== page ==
“I am extraordinarily proud of my family but it is important for people to know the real me and not just what they might think of when they think of various members of my family.”

Polite, eloquent and considered, Kennedy speaks with great authority and bears a striking resemblance to his grandfather. He has been busy working at his desk, despite wearing a heavily supportive sling on his right arm – the result of treatment to fix an old sporting injury. He played lacrosse while studying at Stanford University in California. A teetotal, his teammates nicknamed him “The Milkman” after one party when he matched every beer his friends drank with a glass of milk.

Kennedy studied management science and engineering at Stanford. After graduating he worked in the peace corps (founded by his great-uncle, then US president John F Kennedy, in 1961) in the Dominican Republic and East Timor. It was in East Timor that he came across Tom Hyland, the former Dublin Busdriver from Ballyfermot who became a campaigner for Asia’s poorest country – “an incredible guy”, says Kennedy.

After years of travelling, Kennedy wanted to be closer to home so he enrolled in Harvard Law School and later worked as an intern for a Republican district attorney before taking a full-time job as a prosecutor. Prosecuting cases made Kennedy look differently at every file on his desk, each one being “somebody’s life”, he says. He saw them as problems to solve rather than “another person to prosecute”, and that brought him into policy discussions about what could have been done earlier to help the person being charged. “It starts to get you looking further upstream to what caused that crime to be committed.”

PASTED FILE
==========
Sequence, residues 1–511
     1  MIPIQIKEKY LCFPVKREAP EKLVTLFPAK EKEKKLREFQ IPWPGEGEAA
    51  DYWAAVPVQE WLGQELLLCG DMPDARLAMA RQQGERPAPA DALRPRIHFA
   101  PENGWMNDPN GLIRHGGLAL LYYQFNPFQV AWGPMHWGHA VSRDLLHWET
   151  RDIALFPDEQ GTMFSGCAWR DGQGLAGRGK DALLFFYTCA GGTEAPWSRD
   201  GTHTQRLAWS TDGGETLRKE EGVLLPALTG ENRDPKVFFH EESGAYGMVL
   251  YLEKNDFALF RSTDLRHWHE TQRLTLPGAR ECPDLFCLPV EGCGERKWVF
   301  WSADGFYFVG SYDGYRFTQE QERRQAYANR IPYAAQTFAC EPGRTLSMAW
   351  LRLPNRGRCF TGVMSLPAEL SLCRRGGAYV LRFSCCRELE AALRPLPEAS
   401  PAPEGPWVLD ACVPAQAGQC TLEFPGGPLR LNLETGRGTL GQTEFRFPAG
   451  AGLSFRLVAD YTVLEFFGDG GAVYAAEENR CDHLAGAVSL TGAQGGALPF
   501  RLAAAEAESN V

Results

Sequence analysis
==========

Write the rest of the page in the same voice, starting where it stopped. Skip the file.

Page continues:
In his new job, one of the biggest challenges facing Congress is the long-overdue reform of immigration laws to tackle the US’s 11 million illegal immigrants – the so-called “undocumented” of which there are thousands of Irish, including many in Kennedy’s congressional district in Massachusetts.

Kennedy’s great-uncle Ted tried and failed to push through an immigration Bill with Republican senator John McCain in 2006. But Kennedy believes there is a strong likelihood of legislation passing this time as momentum builds around broad principles on tightening border control, a pathway to citizenship, and simplifying the legal route to a visa to attract job-creating talent to the US.

“We need to get this done now. Not only do I believe it is the right thing to do morally, it is the right thing to do economically. It is the right policy decision. We have got an immigration system that I quite simply believe is broken.”

Another hot political topic is US president Barack Obama’s plans to overhaul gun ownership laws, including a ban on military-style assault weapons. Kennedy unsurprisingly supports the pressure the president is exerting on Congress to vote on the White House’s proposals; his family has experienced its own share of gun violence

“My family, yes, has a personal history with this; far too many other families have as well. I think this is something the president said very eloquently – they deserve a vote,” says Kennedy.